- Seth Brodsky
Symphony No. 7
A similar awkwardness haunts Alfred Schnittke's last three symphonies (No. 6: 1992, No. 7: 1993, No. 8: 1994). It's a sonic landscape that feels unfinished, in both senses of the word-incomplete and unpolished. The raw and splintery commiserate with absent and obscure; things fall apart, or silent, before they begin; the orchestra, already teetering on the brink of nothing, flickers out like a dry kerosene lamp. Essentially, this ghostly symphonic triptych wanders and waits: its dimension is limbo, its sentence purgatorial.
That being said, Schnittke's Seventh is the "bright spot" of the three. Not that it's a happy work, nor an easy listen, but the Seventh is somewhat relieved by Schnittke's uncanny humor and weirdness. While the Sixth sorrows and the Eighth searches, the Seventh sets its specters free to graffiti the work with the unpredictable, the ungainly, and occasionally even the visionary.
The work is in three movements, though the middle movement is more an inexplicable intermezzo than an independent symphonic structure. The entire work opens with a 42-bar violin solo, both intensely lyrical and ungraceful. And while it leaves little room for the performer's suavity, its initial gesture-a pious ascending arpeggio which eventually sinks back to slumber-carries the rest of the Symphony on its back, providing the skeleton for even the most disparate motives of the next three movements.
This initial violin figure is reminiscent of the opening of Anton Bruckner's Seventh Symphony; it echoes that Brucknerian melodic shape, but also that Brucknerian naivete, a singular mixture of childlike, childish, and awesome. Schnittke indeed felt throughout his life a kinship with Bruckner, both being devout but tortured in their Catholicism, and confessional and direct in their music.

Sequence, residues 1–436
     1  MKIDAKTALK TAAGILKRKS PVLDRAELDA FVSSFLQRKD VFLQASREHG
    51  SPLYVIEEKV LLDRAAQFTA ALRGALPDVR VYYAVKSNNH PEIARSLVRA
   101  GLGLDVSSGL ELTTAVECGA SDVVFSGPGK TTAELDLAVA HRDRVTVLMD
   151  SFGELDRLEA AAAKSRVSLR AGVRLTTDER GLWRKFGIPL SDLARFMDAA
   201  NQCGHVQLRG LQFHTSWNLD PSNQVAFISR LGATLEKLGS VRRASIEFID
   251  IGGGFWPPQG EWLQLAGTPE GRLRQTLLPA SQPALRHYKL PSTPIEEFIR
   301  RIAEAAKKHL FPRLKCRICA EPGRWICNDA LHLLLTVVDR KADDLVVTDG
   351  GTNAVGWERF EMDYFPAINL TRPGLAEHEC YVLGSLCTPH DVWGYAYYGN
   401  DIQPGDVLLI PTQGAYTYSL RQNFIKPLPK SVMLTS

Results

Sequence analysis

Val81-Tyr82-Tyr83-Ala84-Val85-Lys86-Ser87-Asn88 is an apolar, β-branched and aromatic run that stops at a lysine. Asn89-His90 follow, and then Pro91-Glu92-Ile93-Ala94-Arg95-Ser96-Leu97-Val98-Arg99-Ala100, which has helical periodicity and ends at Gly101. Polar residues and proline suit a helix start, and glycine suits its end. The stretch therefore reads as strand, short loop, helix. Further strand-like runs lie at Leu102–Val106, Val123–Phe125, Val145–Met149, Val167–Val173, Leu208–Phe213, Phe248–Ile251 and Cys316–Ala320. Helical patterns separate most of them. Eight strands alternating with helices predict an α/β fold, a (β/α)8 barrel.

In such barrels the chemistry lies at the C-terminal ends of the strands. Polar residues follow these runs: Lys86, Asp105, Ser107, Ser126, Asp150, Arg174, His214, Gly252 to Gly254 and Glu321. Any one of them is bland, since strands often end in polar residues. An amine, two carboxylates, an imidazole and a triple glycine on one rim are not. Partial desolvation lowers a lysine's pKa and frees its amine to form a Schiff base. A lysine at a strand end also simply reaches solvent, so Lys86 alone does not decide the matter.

After the choral expansiveness of the Symphony's brief opening movement, the following movement comes as something of shock: it lumbers and cackles, moving only in blocky, single-dynamic cluster chords, or else strange marionette-like lines. Almost all in winds and brass, this alien music apparently contains musical monograms of German towns. At one point, this cumbersome ritual is smeared by an unaccountably violent timpani-eruption. Schnittke seems to be just as confused as us; we're all listeners, he seems to say, and the "composer" is somewhere else, sending us undecipherable telegrams.
The last movement, twice as long as the first two combined, breaks in with freakish wind clusters. The first real momentum we've yet heard, it soon breaks down into single, often unaccompanied lines; these "melodies" test the lyrical to the utmost, typically for late Schnittke (the main theme of this last movement covers more than three octaves in its first three notes!). Eventually, a choral theme breaks through on horns, explicitly Brucknerian in tone and contour. Stern and Teutonic, yet it still fails to go anywhere, or reveal its origins; its shape does suggest a cruel parody of the Symphony's opening violin solo. Things starts and stops and wear even thinner; lines become more angular and desiccated, the tone more desperate but also more tired.
After a brutal trial for violins alone come the Symphony's last minutes, as touching and "touched" as anything in Schnittke's whole output. First a little ditty for winds and trumpet, a poignantly fragile confection of weird beauty, echoing Prokofiev's ballet music. And then the Symphony's magical coda: the Brucknerian horn theme returns as dirge-like waltz, played on tuba, contrabassoon, and double bass respectively. As ugly as it is heartbreaking, it brings the whole sad parade to a close. It's the muddy pearl at the end of a barely coherent work, and does what Schnittke does best: make the black even blacker.
- Seth Brodsky